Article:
That’s disappointing

There’s really nothing worse than disappointing the people you love. I spent a lovely May day with my niece and nephew. After a day of backyard swimming, a basement showing of “Muppets Take Manhattan” and pizza and games at Chuck E. Cheese, we stopped at Target. At last minute my dear niece decided she didn’t want the toy she picked out and wanted something else. But we were already in the checkout lane, little brother needed to go potty and it was dangerously close to bedtime.

So we left without a toy. Enter niece’s sadface. It broke my heart to look into those pleading blue eyes. But we went out to the car anyway. I lifted my sad niece out of the cart – even though she’s far too big to be held – squeezed her tight and told her the last thing I ever want to do is to disappoint her, and I hope she could remember what a fun day we had together.

Today I saw the same sadness written across my Papa’s face. He’s been in a care facility for months and was desperate to get back home. I’m not sure if it was his wishful thinking or a miscommunication, but he thought he was going home today. I thought he was going home today. I arrived at the care facility to find his clothes and few belongings out of the drawers and closet. He was eating breakfast and announced that after breakfast, he was free to go. He asked if I could drop him at his house on the way to the airport. I tried calling his friend who has the keys to the house. No answer. I had to leave for the airport in an hour and couldn’t drop Papa at his locked house in a wheelchair in 106-degree heat.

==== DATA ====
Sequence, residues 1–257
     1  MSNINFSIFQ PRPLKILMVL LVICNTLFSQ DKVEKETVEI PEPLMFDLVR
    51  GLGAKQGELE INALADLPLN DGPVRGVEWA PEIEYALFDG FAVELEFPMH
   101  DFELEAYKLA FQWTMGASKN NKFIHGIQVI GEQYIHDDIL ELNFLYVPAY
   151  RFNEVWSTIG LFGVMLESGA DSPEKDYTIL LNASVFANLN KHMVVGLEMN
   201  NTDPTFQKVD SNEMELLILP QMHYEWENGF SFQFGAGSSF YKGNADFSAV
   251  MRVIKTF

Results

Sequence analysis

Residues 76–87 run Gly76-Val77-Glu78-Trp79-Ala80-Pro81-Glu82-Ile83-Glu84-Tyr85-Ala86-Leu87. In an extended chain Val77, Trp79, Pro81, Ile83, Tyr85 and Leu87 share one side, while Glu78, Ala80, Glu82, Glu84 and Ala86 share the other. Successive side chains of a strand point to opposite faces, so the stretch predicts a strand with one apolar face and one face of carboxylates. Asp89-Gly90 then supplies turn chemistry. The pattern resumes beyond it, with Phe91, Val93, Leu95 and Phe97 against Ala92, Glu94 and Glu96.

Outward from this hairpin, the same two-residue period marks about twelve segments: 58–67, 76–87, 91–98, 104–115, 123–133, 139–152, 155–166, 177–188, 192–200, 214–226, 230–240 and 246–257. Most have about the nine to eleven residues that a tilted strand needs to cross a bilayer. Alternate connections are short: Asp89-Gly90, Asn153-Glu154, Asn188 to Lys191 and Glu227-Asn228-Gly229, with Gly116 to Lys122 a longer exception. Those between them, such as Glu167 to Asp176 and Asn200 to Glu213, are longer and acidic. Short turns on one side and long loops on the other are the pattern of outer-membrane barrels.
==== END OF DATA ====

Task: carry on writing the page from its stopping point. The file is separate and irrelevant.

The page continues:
Then there was a knock at the door. It was Vanessa, his occupational therapist. “Ready for therapy, Mr. Sheppard?” he asked. Papa responded that he was going home. Vanessa looked confused. She said she’d check with his nurse. I went out in the hall with her. She told me the care plan said he would be leaving Thursday or next Monday. That sounded better to me. Papa doesn’t look strong enough to live on his own yet. I talked with Vanessa and the nurse for a bit before Papa peeked his head out. I walked over to him and broke the news. He was upset. He raised his voice. The nurse told him to play nice with Vanessa and do his rehab work. He told me to go to the airport and he’d see me later.

I knelt down and gave him a big hug and told him I was sorry. Just like I did with my niece. He gave a smile and said he was glad I came. Still, my heart broke for him as I watched him follow Vanessa down the hall.


Published by Candace

I’m a journalist, nutritionist, doting auntie, one-time bobsledder, and wannabe health nut (who loves chocolate and pizza too much to fully commit). I don't want you to think my life is perfect. It's not.

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